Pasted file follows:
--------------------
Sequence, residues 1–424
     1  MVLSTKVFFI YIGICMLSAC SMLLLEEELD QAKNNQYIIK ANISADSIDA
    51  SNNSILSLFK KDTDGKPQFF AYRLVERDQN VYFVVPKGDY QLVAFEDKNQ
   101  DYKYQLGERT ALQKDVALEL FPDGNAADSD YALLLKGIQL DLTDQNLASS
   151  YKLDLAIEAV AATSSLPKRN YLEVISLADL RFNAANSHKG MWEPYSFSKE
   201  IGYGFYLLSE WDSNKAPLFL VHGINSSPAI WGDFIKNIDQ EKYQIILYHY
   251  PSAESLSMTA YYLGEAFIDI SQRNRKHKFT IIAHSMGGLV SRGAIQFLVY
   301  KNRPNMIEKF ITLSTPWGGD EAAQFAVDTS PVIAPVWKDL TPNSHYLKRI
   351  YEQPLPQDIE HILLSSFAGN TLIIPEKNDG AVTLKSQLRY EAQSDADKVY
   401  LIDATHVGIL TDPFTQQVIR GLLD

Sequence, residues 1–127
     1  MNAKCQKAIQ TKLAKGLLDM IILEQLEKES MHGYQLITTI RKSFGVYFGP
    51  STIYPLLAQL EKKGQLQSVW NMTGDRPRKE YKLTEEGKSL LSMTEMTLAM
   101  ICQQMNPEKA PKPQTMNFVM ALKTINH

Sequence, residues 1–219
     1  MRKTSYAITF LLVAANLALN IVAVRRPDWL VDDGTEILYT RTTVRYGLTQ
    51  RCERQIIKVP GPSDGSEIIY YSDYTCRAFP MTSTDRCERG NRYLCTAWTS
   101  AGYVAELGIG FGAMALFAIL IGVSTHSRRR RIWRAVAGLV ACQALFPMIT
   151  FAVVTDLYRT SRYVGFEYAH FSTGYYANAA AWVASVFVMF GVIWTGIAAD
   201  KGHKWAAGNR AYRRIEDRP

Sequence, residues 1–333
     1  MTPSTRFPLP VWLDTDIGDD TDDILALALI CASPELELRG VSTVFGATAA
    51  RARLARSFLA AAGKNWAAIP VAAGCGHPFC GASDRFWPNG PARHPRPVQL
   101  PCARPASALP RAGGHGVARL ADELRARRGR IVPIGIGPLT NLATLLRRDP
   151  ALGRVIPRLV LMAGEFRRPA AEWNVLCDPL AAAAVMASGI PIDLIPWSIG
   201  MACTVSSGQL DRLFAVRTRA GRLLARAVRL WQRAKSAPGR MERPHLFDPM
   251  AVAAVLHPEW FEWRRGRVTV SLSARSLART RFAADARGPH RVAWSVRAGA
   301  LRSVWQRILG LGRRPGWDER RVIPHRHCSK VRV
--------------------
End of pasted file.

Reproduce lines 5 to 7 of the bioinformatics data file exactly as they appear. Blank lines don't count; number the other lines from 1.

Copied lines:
   151  YKLDLAIEAV AATSSLPKRN YLEVISLADL RFNAANSHKG MWEPYSFSKE
   201  IGYGFYLLSE WDSNKAPLFL VHGINSSPAI WGDFIKNIDQ EKYQIILYHY
   251  PSAESLSMTA YYLGEAFIDI SQRNRKHKFT IIAHSMGGLV SRGAIQFLVY